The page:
A safety data sheet (SDS) is an established hazard communication tool in the chemical industry, for which no comparable or mandated document exists in the biotherapeutics sector yet is increasingly requested by the supply chain. As the cell and gene therapy (CGT) field expands, industry leaders and members of BioPhorum have identified a growing need to address this gap in communication around the unique occupational health and safety risks posed by CGT materials and products.
This new paper, An Industry Proposal for a Cell and Gene Therapy Safety Data Sheet, provides you with a best practice for communicating workplace hazards, assessing the unique risks posed by these biological materials, and can help in creating exposure control plans specific to the workplace hazards.
Published in the Journal of Applied Biosafety, it contains 16 narrative sections ranging from hazard identification and composition/information on ingredients, to disposal considerations and transport information. If you are an SDS author, these provide useful context and background details, followed by a table that includes example information. There is also a downloadable template that you can use to communicate workplace hazards and assess the risks posed by CGT materials, available from the BioPhorum website.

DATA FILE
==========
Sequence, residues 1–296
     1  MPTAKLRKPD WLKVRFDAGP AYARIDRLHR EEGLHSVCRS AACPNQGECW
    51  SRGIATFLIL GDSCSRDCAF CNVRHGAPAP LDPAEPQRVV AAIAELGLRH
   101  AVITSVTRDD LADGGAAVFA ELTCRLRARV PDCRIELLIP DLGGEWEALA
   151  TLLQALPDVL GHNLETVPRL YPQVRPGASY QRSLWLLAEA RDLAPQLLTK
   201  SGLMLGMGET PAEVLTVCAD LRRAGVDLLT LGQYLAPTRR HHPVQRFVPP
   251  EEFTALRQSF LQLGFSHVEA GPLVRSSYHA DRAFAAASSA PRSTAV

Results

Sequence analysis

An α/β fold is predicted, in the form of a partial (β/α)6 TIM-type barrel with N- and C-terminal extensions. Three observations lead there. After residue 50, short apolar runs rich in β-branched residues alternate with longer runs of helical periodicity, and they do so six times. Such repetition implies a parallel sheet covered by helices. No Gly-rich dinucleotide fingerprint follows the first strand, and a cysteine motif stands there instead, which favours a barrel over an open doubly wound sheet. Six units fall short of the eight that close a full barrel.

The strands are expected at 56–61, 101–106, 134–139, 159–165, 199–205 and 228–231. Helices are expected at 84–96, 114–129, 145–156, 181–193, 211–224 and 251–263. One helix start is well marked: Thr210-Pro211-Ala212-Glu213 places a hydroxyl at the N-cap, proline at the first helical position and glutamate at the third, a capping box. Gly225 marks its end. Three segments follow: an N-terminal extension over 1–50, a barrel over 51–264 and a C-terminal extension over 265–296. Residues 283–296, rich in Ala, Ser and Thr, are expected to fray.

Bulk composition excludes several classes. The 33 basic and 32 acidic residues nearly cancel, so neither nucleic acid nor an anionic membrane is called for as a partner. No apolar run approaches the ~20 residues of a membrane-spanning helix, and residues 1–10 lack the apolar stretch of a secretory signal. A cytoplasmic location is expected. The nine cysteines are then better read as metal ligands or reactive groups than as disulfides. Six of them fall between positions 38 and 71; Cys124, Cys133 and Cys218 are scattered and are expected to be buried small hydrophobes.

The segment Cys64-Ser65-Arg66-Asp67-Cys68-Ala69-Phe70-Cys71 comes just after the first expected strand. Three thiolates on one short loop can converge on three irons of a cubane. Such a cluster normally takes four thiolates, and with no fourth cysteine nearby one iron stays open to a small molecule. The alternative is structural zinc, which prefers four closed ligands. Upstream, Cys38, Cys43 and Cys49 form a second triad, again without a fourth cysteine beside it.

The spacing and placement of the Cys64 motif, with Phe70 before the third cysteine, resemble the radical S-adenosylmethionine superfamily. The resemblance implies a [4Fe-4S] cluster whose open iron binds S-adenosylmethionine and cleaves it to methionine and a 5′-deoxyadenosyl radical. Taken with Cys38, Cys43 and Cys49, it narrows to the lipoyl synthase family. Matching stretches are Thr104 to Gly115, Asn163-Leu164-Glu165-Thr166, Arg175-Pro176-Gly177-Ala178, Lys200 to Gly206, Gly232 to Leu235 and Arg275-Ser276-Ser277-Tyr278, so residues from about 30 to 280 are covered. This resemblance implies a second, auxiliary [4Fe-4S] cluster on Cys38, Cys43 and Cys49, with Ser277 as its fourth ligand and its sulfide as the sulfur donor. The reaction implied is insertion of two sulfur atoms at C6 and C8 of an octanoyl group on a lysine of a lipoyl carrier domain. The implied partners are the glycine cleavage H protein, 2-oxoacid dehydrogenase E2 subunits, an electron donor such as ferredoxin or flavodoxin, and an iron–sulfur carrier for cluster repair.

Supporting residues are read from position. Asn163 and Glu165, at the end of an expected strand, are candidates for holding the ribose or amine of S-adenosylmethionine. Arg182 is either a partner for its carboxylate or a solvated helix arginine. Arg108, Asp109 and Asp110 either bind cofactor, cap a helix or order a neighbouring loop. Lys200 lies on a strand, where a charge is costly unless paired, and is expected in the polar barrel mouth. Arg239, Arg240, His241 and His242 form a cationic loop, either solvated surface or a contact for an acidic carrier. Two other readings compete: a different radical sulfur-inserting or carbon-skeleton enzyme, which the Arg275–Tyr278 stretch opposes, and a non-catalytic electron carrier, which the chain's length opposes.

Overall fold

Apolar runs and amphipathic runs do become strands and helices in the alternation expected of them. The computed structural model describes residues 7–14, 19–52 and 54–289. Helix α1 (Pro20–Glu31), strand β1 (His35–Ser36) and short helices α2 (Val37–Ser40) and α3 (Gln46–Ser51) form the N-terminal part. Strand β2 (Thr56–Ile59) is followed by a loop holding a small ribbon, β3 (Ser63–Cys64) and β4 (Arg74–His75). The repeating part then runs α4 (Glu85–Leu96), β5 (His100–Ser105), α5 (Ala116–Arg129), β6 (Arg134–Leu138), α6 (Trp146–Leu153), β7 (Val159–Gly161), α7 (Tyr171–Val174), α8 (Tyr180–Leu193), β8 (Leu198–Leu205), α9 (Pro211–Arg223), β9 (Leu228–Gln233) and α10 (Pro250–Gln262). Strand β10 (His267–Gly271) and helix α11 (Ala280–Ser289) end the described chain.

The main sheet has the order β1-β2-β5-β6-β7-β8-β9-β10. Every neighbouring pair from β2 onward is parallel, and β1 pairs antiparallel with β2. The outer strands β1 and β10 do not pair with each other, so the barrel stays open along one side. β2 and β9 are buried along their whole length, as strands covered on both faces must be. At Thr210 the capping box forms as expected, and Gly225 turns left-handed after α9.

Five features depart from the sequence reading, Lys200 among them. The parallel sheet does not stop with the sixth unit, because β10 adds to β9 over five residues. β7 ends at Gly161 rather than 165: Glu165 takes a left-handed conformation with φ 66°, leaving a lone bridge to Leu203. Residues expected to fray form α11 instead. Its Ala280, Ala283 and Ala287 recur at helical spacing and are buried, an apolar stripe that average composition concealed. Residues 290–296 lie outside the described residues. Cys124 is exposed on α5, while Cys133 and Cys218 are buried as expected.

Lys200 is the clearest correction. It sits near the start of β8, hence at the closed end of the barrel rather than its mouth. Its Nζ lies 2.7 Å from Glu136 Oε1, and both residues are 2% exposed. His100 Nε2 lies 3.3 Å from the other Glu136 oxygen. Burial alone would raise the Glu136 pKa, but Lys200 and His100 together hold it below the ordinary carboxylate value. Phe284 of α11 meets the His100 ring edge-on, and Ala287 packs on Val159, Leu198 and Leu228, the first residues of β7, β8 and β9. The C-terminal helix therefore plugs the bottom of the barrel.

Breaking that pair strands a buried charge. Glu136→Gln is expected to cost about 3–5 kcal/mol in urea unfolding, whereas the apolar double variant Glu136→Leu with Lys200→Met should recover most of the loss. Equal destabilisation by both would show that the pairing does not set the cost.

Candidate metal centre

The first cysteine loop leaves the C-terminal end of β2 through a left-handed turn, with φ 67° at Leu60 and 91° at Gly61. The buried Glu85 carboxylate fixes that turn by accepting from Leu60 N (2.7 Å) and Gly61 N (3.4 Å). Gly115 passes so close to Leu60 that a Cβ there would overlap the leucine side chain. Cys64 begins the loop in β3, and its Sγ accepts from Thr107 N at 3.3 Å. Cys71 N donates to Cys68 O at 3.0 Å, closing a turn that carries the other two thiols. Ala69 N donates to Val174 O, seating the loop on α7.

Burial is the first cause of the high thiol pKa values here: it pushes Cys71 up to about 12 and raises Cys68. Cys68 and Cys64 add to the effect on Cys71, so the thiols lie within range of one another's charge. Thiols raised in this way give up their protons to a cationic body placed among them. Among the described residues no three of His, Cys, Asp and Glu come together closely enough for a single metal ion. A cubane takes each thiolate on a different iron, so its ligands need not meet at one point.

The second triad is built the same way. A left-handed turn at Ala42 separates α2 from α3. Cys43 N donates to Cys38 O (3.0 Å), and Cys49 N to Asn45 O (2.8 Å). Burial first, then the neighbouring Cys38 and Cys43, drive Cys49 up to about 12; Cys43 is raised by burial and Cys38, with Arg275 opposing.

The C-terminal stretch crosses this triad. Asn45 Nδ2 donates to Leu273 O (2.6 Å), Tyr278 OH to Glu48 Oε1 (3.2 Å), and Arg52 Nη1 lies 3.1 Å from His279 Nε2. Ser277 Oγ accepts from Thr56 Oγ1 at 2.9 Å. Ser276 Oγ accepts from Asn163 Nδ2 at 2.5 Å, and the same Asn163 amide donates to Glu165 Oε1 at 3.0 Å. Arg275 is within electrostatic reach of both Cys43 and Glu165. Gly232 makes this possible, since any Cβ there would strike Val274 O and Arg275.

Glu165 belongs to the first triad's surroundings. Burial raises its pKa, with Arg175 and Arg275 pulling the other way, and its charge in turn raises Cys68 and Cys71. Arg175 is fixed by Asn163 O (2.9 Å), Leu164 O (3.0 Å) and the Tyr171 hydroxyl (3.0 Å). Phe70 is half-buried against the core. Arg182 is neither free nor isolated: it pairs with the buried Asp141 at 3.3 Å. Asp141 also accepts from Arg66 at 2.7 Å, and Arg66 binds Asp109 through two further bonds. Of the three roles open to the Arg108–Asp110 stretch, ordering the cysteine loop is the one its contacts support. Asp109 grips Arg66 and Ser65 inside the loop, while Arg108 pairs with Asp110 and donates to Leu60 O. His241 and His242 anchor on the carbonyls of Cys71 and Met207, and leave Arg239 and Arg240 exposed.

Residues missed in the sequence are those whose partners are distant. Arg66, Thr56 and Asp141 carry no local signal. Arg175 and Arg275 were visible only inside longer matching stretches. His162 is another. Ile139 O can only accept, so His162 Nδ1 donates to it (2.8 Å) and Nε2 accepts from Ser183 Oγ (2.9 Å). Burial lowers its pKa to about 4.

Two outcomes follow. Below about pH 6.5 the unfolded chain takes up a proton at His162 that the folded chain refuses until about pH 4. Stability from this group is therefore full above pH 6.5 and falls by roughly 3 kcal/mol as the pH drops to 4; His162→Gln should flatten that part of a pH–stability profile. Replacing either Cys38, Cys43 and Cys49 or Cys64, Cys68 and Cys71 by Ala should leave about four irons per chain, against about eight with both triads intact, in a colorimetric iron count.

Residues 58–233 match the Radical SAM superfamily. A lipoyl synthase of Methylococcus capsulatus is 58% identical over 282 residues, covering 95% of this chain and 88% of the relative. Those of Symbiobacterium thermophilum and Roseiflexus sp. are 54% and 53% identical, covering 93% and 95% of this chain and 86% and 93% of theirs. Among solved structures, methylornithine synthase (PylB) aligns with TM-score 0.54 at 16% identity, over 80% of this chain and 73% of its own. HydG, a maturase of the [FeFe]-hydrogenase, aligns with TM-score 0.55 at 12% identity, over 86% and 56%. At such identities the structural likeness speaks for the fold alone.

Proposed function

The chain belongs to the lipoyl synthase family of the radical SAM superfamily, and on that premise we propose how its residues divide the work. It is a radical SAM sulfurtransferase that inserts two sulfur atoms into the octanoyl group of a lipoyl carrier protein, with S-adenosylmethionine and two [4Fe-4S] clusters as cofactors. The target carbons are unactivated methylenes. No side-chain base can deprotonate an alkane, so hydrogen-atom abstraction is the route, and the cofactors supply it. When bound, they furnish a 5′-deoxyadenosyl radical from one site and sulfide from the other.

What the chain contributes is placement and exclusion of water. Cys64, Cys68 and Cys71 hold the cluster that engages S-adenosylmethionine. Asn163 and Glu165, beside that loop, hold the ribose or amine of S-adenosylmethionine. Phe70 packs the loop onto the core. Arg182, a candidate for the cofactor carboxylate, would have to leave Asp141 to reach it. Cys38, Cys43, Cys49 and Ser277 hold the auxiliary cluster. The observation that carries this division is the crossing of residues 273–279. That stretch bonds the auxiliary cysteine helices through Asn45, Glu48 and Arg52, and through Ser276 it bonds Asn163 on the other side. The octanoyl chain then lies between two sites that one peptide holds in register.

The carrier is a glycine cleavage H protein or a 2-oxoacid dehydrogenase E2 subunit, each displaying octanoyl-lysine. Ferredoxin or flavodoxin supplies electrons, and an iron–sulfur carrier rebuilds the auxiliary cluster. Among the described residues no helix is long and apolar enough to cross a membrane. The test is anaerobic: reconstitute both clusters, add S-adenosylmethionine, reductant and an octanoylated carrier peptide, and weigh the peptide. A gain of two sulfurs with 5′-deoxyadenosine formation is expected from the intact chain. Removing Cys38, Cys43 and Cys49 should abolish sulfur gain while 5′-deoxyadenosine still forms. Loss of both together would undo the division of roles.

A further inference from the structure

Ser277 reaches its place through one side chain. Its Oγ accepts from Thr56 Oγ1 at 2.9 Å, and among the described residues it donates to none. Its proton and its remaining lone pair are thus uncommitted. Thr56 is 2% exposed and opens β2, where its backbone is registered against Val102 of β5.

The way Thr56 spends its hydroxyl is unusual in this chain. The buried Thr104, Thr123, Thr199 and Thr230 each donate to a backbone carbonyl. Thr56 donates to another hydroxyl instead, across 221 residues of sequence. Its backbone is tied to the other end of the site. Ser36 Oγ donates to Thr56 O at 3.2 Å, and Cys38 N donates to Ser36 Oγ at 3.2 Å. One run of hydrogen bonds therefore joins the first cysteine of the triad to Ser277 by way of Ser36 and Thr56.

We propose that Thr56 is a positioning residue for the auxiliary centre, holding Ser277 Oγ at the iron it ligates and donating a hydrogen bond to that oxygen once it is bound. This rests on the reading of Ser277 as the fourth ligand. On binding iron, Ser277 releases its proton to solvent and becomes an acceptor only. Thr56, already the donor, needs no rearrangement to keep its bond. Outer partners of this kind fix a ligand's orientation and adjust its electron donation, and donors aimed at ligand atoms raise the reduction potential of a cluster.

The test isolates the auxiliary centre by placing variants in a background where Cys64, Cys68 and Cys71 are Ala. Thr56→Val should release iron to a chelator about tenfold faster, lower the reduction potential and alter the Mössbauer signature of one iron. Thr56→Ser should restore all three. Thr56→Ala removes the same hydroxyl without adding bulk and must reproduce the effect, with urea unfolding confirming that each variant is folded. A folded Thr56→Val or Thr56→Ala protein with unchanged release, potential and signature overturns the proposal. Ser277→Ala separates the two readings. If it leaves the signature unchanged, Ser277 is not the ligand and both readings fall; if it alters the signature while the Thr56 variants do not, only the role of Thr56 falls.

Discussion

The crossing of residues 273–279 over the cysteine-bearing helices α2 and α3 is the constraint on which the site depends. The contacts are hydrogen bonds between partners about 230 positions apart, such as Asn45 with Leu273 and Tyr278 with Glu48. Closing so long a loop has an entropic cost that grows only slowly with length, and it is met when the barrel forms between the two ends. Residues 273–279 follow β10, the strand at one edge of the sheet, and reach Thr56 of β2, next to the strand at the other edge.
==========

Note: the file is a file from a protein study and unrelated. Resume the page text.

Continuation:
The paper includes information on conducting a workplace risk assessment and communicating the unique hazards posed by potential exposures to CGT materials. It is based on assumptions of a maximum Biosafety Level 2.
Example use cases include:
- Transport of CGT bioactive product and intermediates across sites during R&D, manufacturing, or testing processes
- Technical transfer of CGT bioactive products and intermediates between client and contract manufacturing organization
- Operations in the R&D labs, manufacturing plants, packaging, and clinical and healthcare settings.
It is aimed at those handling and producing these materials, as well as collaborators, contractors, or operations sites receiving and handling the CGT material. However, it may also be helpful as a reference for other biotherapeutic modalities such as protein therapies, mRNA, and plasmids.
With no established tool in the field, this guide contains industry best practices with aspirations of becoming a standard communication for workplace hazards unique to CGT biological materials and products. For more information, contact Rachel Hodges, Senior Global Change Facilitator, at rachel.hodges@biopho